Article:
What is happening?
He quickly dropped the box containing the ring, gently let Laibe down and raced into the house to get his mother.
The old woman ran out of the building and towards Laibe.
Laibe was screaming, wailing, and crying altogether.
“eeeeh! Ahhhh! Mama ooo! Ooooh!”
Omachoko saw his mother wasn’t as worried as he was and he admonished himself to calm down, bearing in mind the fact that he is the man of the house.
The old woman smiled on seeing the water dripping down Laibe’s legs and held onto her, in a futile bid of stabilising her.
“Nya di Iye Ebi wa.” She ordered Omachoko to go call Ebi’s mother.
She sounded really urgent with the order, so much so that Omachoko started running out of the compound before he could stop himself. He wanted to ask his mother why Ebi’s mother should be summoned when Laibe is screaming out in pains. He wanted to suggest putting her in the car and racing her down to Aloma – where the nearest hospital is. Then he remembered that there is only one local midwife in the entire village and that’s who he was asked to go and bring.
“Of course. I know ‘I was held up in traffic’ would be your excuse.” He gave a disapproving look at the man who hastily walked over to his seat in the office. Dahunsi laughed, he had just a polo and midi-length trouser on.
“Now, that you know my usual say, what then would be my defence?”
The both of them laughed this time.
“Seriously mehn! I’m sorry, today’s game review was much and fans kept calling in. I couldn’t end the program abruptly.”
Ocholi shook his head as he stared back at his friend.
“When people like us are struggling to get a Master degree, just so as to gain relevance, children of the rich like you inherited the biggest Arts studio in Lagos on the platter of gold, yet you prefer to work as a radio Sports reporter c-m host? Incredible!”
Dahunsi smiled. “How was your flight, man? It’s been over five months since we last saw you within the borders of our beloved country.”
“Course work has been tight. My flight went well. I came in the last flight and the car from Lagos here should have taken me closer to Lokoja by now if not that you didn’t show up on time at your work place.”
Dahunsi knew Ocholi so well. He can like to hold onto one point and beat it for as long as possible.
“I wonder who is a son of the rich among the both of us. You are taking a master degree in Fine Arts abroad. Abroad o. In this economic recession, you still enjoy the luxury of flying in and out of the country at will.”
“You know I wouldn’t travel if I had nothing important doing.” Ocholi was on the defensive.
“Ehennn! Same here! You know I won’t keep you waiting if I had nothing important doing on Radio.” Dahunsi winked at him and he scoffed.
“Even your sales manager wasn’t on seat. You are leaving this place for your secretary to run, right?”
“No. You see, it’s too early. Moreover, people don’t usually buy art works in this part of the world. They, more often than not, come on tours and excursions down here. Only few, like you that your life is tied to Fine Arts, come to buy.” Ocholi eyeballed him.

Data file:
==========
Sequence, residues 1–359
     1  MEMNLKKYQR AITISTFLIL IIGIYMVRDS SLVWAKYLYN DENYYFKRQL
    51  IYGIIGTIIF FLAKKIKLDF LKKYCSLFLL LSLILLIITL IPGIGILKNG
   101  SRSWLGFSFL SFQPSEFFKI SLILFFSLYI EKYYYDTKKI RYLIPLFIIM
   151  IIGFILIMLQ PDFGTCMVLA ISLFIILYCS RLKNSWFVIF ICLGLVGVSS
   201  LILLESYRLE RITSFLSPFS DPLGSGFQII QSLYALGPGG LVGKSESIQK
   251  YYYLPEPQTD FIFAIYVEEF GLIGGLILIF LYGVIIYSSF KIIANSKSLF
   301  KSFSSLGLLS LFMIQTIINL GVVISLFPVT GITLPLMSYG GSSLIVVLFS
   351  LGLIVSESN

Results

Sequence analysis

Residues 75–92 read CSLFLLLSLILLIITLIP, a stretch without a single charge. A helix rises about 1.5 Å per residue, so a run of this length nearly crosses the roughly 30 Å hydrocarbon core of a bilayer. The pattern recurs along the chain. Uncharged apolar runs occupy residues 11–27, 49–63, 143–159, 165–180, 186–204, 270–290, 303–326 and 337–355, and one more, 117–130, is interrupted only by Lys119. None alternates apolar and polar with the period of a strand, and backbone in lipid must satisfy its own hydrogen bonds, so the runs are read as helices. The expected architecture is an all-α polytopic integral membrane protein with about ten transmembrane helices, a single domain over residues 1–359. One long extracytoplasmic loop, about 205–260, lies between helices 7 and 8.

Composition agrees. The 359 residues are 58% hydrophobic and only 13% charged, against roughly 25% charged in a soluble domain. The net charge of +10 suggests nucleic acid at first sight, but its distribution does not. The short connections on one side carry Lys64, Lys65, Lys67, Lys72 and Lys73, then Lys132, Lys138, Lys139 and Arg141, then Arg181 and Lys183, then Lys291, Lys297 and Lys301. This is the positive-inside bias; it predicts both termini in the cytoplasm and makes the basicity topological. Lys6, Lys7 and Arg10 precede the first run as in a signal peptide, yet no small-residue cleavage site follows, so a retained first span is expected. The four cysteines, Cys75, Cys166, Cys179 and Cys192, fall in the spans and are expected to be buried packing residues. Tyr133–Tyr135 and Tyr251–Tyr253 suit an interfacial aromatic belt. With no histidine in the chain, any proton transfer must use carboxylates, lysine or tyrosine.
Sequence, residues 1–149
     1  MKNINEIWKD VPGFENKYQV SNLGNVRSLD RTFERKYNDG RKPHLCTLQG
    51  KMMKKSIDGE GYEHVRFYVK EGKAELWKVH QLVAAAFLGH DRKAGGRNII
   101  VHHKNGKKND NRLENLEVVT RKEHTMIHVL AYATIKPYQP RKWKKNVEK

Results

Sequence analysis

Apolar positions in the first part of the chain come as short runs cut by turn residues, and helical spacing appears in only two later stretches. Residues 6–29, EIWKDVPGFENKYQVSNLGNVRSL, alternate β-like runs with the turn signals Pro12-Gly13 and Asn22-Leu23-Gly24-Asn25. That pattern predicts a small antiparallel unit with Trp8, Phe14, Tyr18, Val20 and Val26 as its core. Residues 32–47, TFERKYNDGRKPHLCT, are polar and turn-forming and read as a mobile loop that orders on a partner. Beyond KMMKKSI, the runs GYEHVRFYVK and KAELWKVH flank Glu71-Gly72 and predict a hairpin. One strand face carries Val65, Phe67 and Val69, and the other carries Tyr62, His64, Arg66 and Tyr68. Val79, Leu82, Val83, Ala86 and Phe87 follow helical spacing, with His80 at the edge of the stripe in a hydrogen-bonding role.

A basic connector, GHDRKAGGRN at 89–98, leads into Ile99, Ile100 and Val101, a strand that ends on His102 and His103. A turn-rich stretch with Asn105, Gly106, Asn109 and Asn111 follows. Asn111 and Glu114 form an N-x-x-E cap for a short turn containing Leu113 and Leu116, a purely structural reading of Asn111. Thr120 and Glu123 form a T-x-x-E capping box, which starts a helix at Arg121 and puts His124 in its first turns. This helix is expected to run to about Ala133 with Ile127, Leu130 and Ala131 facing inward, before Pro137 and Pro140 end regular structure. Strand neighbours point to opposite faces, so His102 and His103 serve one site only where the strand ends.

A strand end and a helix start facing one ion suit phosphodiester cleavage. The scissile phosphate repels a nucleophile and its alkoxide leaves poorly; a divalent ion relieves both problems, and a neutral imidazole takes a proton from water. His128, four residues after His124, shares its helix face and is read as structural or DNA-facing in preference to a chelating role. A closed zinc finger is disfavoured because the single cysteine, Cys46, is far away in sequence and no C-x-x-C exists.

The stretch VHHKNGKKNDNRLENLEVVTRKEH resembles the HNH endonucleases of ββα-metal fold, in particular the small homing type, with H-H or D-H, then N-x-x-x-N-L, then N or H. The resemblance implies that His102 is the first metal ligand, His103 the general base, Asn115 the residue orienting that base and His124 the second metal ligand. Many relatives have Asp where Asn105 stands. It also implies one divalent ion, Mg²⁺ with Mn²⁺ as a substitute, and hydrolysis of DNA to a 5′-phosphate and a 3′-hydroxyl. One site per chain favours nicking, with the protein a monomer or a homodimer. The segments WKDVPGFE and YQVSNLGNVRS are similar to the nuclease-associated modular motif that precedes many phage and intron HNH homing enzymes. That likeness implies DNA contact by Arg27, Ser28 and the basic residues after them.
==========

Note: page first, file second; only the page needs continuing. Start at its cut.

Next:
“You haven’t told me who you always drop by to buy drawing sets for. Or don’t they sell it in your abroad school?” He sounded very sarcastic and Ocholi was ready to respond suit.
“They do. Ones with greater quality for that matter.” Ocholi waited till Dahunsi shot him an angry eye. He smiled victoriously before continuing, “…but then I prefer to buy it from you this block head. And don’t get it twisted, it’s for my younger sister!”
“Younger sister bawo? Are you not the last born of the Onoja’s anymore?”
Ocholi was just about to respond when the door creaked open. An elegant lady walked in. She was on little high heels, with hair flying down her shoulders. Ocholi stared at her absentmindedly. She was wearing a grey chiffon dress – it’s at knee level and fits her body perfectly in a way that displayed her endowed shape. Ocholi tried to distract his head from looking at her, but he couldn’t. Her cologne filled the entire room and just when her voice came through his ears, he felt his heart palpitating to the rhythm of it.
Her teeth looked scattered, yet produced a very sweet smile anyone would like to have a taste of, if solid.
He jerked up on hearing Dahunsi’s husky voice. He hissed out loudly. He had gone into a fantasy world as the melodious voice of the lady that entered pierced his ear lobes.
He opened his eyes to see she was gone.
“What was that?” Dahunsi demanded, putting a serious look on his face.
“What was what?” Ocholi feigned ignorance, sitting up on his seat.
“In love? Yes. I am in love! Love at all sights.” Ocholi cut in before his friend could finish.
“What? All sights or first sight? Kai! Ocholi, you are not serious!”
“You are asking me ‘why’? That’s my new sales manager for God’s sake.”
Dahunsi felt Ocholi was sounding unbelievable.
“And so? At least, you are married to Beatrice with a son. Don’t you want me leaving the bachelor’s league anymore?” Ocholi rose his right eyebrow and lowered the other one.
“I do. Of course. I mean… why not.” Dahunsi was stammering. “The thing is, she is new here, man and I even barely know her yet. I don’t know how to help you run this kind of parole.”
Ocholi smiled, displaying his handsome self even more clearly.
“I didn’t ask you to help me run any parole yet Mr Dahunsi.”
Now the former looked even more confused. Thought Ocholi was sounding like he was swept off his feet by the lady that just left here? Why is he now acting indifferent all of a sudden?
“I don’t understand you anymore, Ocholi.”
“Just create a platform for us now and step back.” Ocholi said, winking knowingly at him.
Dahunsi took in a deep breath as he picked up the intercom.
“Yes. Mr Oluwadahunsi on the line. Please take everything you came to the office with and come back to my office immediately.”
Ocholi smiled as he dropped the call.
“Being a boss isn’t good for you at all. Don’t you think that was pretty too harsh?”